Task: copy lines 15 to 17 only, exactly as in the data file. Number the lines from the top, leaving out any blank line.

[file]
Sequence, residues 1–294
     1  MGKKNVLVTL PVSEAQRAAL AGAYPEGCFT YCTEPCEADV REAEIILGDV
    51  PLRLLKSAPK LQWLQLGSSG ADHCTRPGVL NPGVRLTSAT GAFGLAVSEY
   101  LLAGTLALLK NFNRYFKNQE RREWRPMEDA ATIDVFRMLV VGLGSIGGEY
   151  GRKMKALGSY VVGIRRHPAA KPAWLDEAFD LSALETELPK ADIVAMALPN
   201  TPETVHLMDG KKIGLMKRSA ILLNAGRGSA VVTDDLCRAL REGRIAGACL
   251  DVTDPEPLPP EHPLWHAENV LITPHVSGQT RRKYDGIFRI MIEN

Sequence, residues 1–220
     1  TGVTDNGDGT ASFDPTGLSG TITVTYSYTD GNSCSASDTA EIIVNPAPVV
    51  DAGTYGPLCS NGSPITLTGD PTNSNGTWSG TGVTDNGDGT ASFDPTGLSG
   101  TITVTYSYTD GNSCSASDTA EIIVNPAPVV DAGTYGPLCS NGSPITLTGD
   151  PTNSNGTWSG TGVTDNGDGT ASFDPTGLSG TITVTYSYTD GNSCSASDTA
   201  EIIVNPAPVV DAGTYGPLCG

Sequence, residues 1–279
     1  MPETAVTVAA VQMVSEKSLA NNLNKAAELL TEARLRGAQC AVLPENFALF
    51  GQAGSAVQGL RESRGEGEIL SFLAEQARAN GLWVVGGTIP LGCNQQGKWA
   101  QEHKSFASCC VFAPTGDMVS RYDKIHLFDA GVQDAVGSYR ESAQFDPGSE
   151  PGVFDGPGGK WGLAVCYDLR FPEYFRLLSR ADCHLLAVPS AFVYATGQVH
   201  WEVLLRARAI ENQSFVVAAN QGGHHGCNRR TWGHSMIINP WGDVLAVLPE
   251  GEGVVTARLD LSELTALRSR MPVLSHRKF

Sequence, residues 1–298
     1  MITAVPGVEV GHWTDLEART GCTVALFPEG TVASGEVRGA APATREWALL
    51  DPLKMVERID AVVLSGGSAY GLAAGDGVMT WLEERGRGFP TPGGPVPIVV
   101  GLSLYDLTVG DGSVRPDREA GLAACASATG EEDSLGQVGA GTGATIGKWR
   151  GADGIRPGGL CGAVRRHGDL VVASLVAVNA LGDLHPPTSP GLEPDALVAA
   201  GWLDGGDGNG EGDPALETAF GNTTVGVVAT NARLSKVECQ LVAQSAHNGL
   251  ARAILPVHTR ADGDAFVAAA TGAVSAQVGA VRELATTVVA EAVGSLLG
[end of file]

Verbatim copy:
     1  MPETAVTVAA VQMVSEKSLA NNLNKAAELL TEARLRGAQC AVLPENFALF
    51  GQAGSAVQGL RESRGEGEIL SFLAEQARAN GLWVVGGTIP LGCNQQGKWA
   101  QEHKSFASCC VFAPTGDMVS RYDKIHLFDA GVQDAVGSYR ESAQFDPGSE